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Around the world with Jewish music

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abra cohen   |   j. staff

covermarch21From an Israeli superstar straight from a gig at South by Southwest to a one-woman show that carves up Bernie Madoff, the 29th annual Jewish Music Festival has peppered its program with diverse artists from multiple genres.

Andrew Muchin, the festival’s interim executive director, uses words like “deeply personal” and “artistically compelling” to describe the music in this year’s lineup.

“It’s all passionately Jewish in a unique way,” says Muchin, who began organizing this year’s festival after longtime director Ellie Shapiro took a leave of absence to study in Poland.

The eclectic spring festival includes six events, starting with a March 20 performance at a new venue for the festival — Yoshi’s in San Francisco — and ending with Ben Sidran’s “Jews and the Great American Songbook” concert on March 30 in Berkeley.

Afro-Semitic Experience
Afro-Semitic Experience

Opening night honors went to Dudu Tassa, a major figure on the Israeli rock scene, and his six-member band, who were coming off quite a busy week: gigs at the Museum of Jewish Heritage in New York City, at the Boston Jewish Music Festival and at South by Southwest in Austin, Texas, in a span of four days.

What everybody got to hear was music from Tassa’s eighth album, “Dudu Tassa and the Kuwaitis,” on which he digs deep into his musical roots, playing Arab songs that his grandfather and great-uncle made popular in Iraq in the 1930s and ’40s.

A project of the JCC of the East Bay, the festival will continue to pick up steam over the weekend with two shows in Berkeley: the Afro-Semitic Experience on Saturday, March 22 and a show called “Convergence” that mixes black spirituals, Yiddish and Jewish liturgical songs on Sunday, March 23.

While previous festivals have had themes — such as 2013’s Polish focus and a 2009 lineup that celebrated American music — this year’s lineup is simply eclectic, as it draws music from around the globe.

Dudu Tassa
Dudu Tassa

A great example is the Afro-Semitic Experience, a seven-piece percussive jazz and world music group that is interfaith and multiracial. Similar to the Idan Raichel Project, the Afro-Semitic Experience mines the musical relationship between African American and Jewish music. The band has collaborated with famous cantors such as Alberto Mizrahi and Jack Mendelson, and also has worked with Frank London of the Klezmatics.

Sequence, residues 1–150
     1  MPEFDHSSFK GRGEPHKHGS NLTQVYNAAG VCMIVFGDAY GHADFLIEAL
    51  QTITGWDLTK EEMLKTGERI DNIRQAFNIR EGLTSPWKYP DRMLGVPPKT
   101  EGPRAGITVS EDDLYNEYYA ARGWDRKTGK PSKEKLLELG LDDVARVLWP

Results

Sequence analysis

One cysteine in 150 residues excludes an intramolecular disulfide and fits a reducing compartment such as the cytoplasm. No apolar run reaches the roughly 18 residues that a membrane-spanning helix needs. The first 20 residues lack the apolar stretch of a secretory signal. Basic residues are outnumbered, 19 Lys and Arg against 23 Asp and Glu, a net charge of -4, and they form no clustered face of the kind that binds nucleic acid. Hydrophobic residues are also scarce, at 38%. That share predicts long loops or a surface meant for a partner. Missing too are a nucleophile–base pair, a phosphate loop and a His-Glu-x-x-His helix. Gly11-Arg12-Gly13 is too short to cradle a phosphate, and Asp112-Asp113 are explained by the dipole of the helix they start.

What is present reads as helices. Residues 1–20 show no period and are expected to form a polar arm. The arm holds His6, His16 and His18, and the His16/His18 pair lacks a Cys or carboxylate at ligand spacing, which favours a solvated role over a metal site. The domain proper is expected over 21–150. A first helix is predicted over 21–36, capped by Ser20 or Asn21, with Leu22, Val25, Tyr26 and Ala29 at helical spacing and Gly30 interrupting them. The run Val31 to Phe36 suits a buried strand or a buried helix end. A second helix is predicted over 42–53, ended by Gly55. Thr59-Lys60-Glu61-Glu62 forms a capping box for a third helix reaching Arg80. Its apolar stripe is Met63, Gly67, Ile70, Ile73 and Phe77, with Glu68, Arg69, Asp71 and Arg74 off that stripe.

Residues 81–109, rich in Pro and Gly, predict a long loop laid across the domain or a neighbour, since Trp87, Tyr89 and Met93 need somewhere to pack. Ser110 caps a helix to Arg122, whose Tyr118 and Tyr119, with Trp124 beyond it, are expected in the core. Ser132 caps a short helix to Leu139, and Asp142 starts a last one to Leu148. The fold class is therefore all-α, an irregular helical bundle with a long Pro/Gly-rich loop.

Bringing a soulful twist to the music, the Afro-Semitic Experience features the occasional electric keyboard and creates what Muchin says is “swinging Jewish music that doesn’t lose a sense of sacredness.” The band will perform at 8 p.m. March 22 at the Freight & Salvage Coffeehouse in Berkeley.

The next night, at 7 p.m. at the JCC in Berkeley, Anthony (Mordechai-Tzvi) Russell’s “Convergence” will make its world premiere. Russell is teaming up with Veretski Pass, a Bay Area trio that plays music from the Old Country, to combine diverse strains of traditional Jewish and African American music.

Russell, who is black, has a background in opera, but in recent years he has been devoting himself to cantorial music, Hassidic nigguns, klezmer and Yiddish. The journey has taken him to some very interesting places musically, and has landed him on stages from Montreal to Manhattan to San Francisco.

Another experimental piece will be Torah

scholar Alicia Jo Rabins’ one-woman rock opera “A Kaddish for Bernie Madoff.” She will perform it at 8 p.m. Thursday, March 27 at the JCC East Bay, then will return to the same stage two nights later to perform with her indie folk band Girls in Trouble.

Anthony Russell
Anthony Russell
The festival will conclude on Sunday, March 30 at St. John’s Presbyterian Church in Berkeley, where Sidran will present a concert and a talk based on his book “There Was a Fire: Jews, Music and the American Dream.” Sidran is a songwriter, music historian, singer and pianist.

Though that event will mark the end of the festival — passes will no longer be good after March 30 — the curtain won’t be coming down until the end of May.

The Jewish Music Festival is presenting three more shows: “Yiddish Spring,” a concert in honor of Yom HaShoah, on April 24 and 27 at the Contemporary Jewish Museum in San Francisco; “Lilith, the Night Demon, in One Lewd Act,” the world premiere of a composition that will be performed by Veretski Pass and the 24-voice S.F. Choral Artists on May 3 at the JCC East Bay; and a concert at a private residence in Berkeley by noted Bay Area musicians Stephen Saxon and Gordon Lustig on May 31.